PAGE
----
It may be set in the future, but there's nothing in the least unrecognizable about Steve Thompson's sharp-tongued, entertaining political satire. "Whipping It Up" is set six months into a less-than-brave new world of post-Blair Conservative party rule with a voting majority of just three.
It may be set in the future, but there’s nothing in the least unrecognizable about Steve Thompson’s sharp-tongued, entertaining political satire. “Whipping It Up” is set six months into a less-than-brave new world of post-Blair Conservative party rule with a voting majority of just three. However, the amusingly presented behind-the-scenes chicanery in the office of the government whips is clearly identical to the manipulations of any government whose members have to be “whipped” into voting with the party.
Verisimilitude aside, what’s missing is the momentum to accelerate everything from well-observed comedy into the farce the play yearns to be. Thompson’s strongest suit is his creation of plausible political characters. Robert Bathurst is beautifully smarmy as the old-school-tie Tory for whom “happiness is the sight of one’s constituency slowly disappearing in the rear-view mirror.” He opens the play attempting to strong-arm new MP Guy (a resolute Nicholas Rowe) into abandoning his opposition to a bill being pushed though that would keep Gypsies and others from putting down roots anywhere.
His efforts are successfully supplemented by Tim (Lee Ross), the patronized new junior in the whips’ office who openly espouses youthfully greedy, ambitious careerism.
But no sooner has Guy been bought off with the promise of political advancement than we discover he’s just a front-man. What’s really going on is a leadership challenge from a far larger group of MPs.
Thompson then asks auds to keep that idea on hold while he introduces Richard Wilson’s superbly curmudgeonly Chief Whip: Entering dressed as a furious Santa, he growls, “I’d rather eat my own liver than wear that wig again.” But this master manipulator is also kept to one side while yet another plotline is set up.
Fiona Glascott plays blond, leggy researcher Maggie. In her first scene she seems to be on the brink of using blackmail. But no sooner has that been set up than she is unmasked as a no-holds-barred journalist with a file full of names of government rebels, which she’ll trade in return for dirt about the whips.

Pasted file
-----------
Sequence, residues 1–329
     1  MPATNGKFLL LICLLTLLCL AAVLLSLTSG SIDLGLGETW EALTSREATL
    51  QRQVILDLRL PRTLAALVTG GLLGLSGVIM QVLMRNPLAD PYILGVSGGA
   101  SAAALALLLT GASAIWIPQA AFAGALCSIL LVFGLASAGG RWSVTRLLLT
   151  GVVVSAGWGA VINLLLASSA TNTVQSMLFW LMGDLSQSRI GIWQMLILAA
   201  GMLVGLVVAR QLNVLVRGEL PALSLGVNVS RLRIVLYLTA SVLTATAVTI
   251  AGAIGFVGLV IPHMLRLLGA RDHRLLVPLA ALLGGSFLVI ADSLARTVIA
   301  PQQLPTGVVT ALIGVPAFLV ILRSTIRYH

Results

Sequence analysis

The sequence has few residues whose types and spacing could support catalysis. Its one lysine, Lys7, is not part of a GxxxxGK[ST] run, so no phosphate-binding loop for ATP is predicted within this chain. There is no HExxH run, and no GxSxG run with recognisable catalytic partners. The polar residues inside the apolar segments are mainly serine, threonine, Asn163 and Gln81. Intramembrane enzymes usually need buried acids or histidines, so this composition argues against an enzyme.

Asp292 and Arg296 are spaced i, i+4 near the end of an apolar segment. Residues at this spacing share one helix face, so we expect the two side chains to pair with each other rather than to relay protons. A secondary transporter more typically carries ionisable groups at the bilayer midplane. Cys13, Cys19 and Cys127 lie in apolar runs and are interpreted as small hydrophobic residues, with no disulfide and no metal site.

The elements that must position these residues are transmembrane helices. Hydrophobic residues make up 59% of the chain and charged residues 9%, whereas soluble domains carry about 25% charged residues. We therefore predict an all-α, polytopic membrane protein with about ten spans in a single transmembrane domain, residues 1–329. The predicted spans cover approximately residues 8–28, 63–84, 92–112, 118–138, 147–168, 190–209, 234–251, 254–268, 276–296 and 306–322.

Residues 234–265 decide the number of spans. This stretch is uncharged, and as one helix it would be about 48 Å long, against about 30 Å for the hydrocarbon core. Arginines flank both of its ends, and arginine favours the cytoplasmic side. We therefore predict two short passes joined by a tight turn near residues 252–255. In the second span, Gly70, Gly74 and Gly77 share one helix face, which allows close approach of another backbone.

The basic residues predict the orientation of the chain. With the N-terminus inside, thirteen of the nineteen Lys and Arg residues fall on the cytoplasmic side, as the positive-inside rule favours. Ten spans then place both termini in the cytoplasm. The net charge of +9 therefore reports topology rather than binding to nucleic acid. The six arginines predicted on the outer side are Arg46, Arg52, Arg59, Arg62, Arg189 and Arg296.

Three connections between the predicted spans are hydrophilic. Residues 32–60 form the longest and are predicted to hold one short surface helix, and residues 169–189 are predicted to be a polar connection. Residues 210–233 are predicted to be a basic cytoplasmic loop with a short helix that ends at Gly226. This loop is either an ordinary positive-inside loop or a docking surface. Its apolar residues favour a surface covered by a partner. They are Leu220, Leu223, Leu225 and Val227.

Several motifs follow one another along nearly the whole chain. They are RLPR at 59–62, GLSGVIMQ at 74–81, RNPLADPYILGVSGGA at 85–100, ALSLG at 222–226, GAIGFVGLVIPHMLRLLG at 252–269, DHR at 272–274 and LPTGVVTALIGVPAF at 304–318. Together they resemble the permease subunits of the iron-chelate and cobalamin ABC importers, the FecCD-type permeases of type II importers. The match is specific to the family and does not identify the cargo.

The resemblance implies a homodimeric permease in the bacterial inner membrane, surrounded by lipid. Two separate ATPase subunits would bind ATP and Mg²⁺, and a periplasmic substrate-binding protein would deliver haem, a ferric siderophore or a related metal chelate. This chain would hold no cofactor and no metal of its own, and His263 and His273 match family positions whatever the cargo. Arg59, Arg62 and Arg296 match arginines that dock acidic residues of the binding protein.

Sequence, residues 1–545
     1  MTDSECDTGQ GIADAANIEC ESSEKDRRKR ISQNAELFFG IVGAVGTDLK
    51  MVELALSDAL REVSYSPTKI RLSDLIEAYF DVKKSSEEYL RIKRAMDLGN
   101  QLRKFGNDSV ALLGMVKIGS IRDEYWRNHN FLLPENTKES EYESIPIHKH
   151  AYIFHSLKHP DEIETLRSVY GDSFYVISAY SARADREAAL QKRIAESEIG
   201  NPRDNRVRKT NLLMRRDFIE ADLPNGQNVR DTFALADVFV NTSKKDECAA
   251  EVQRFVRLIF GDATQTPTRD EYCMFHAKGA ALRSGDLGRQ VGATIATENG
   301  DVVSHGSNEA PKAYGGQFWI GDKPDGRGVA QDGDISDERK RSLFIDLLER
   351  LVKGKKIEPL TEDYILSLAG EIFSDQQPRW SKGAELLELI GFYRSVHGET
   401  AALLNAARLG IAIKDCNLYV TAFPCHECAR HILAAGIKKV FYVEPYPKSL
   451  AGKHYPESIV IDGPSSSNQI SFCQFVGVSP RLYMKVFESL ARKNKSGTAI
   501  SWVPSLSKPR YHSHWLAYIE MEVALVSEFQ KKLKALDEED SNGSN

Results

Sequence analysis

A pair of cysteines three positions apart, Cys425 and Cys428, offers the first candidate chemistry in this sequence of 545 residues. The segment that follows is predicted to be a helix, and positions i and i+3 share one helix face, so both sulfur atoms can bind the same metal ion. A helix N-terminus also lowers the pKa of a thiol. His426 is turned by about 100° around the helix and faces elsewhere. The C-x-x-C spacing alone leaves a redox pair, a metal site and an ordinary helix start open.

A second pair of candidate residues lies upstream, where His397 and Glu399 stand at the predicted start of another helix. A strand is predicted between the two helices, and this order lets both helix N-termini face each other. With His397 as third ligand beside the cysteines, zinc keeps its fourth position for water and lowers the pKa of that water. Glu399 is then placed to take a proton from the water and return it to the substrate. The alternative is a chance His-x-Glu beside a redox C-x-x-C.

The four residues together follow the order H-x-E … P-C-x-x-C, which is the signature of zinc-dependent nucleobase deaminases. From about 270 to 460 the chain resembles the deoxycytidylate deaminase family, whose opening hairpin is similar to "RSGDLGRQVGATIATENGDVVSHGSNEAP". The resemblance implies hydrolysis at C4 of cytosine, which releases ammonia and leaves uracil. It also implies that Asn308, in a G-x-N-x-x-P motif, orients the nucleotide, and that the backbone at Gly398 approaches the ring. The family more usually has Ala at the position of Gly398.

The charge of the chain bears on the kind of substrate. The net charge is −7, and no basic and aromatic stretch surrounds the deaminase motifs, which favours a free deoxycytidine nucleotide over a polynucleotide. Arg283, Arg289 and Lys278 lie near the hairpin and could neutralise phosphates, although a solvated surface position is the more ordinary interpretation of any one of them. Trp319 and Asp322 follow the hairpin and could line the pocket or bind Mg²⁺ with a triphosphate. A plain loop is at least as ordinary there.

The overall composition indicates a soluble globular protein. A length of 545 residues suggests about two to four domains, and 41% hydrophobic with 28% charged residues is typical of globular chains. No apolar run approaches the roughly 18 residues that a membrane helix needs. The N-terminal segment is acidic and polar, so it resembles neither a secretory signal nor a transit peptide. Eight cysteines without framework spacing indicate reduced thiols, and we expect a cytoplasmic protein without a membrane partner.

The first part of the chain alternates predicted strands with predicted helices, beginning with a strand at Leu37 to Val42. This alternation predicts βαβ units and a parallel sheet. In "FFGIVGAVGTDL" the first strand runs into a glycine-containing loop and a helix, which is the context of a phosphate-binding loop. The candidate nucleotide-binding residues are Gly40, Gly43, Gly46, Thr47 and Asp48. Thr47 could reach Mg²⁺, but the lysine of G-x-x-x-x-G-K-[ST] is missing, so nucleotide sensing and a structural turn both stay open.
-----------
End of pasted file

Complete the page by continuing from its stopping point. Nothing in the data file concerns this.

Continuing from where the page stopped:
Tension rises as we try to work out whose side she’ll be on and just how far the whips will go to win her information and cover their tracks.
The trouble with all this is that the wheeler-dealering is attendant upon characters we never see. That makes it hard to feel what’s at stake. It’s to Thompson’s credit that he doesn’t try to oversimplify the bribery and corruption into an overly neat plot, but the structural flaws mean he fails to keep his juggling act going.
That problem is most obvious in the second half, where the Maggie-vs.-the-whips-plot spirals into further complications. With so many strands that don’t fully come together, the potential payoff is deflated.
Terry Johnson’s production is polished and precisely timed. There is, however, a sense that this play is in the wrong theater. The intimacy of the black box at the Bush, with its tiny audience on two sides, militates against the comedy.
The cast is first-rate, including a terrific Helen Schlesinger as Labor’s supremely sophisticated, lethal deputy whip. Yet the playing feels slightly tentative because Thompson’s laugh lines — there are heaps of them — are designed to be belted to the back of a larger space.
That enviable way with smart-mouthed dialogue makes it obvious why Thompson’s TV career is taking off. In its strongest moments, the play seems to cry out for the expanse of a proscenium-arch theater, and a transfer definitely is in the cards. Should the move happen, however, it would expose the lack of an ultimately satisfying narrative. This is only Thompson’s second stage play. Maybe next time.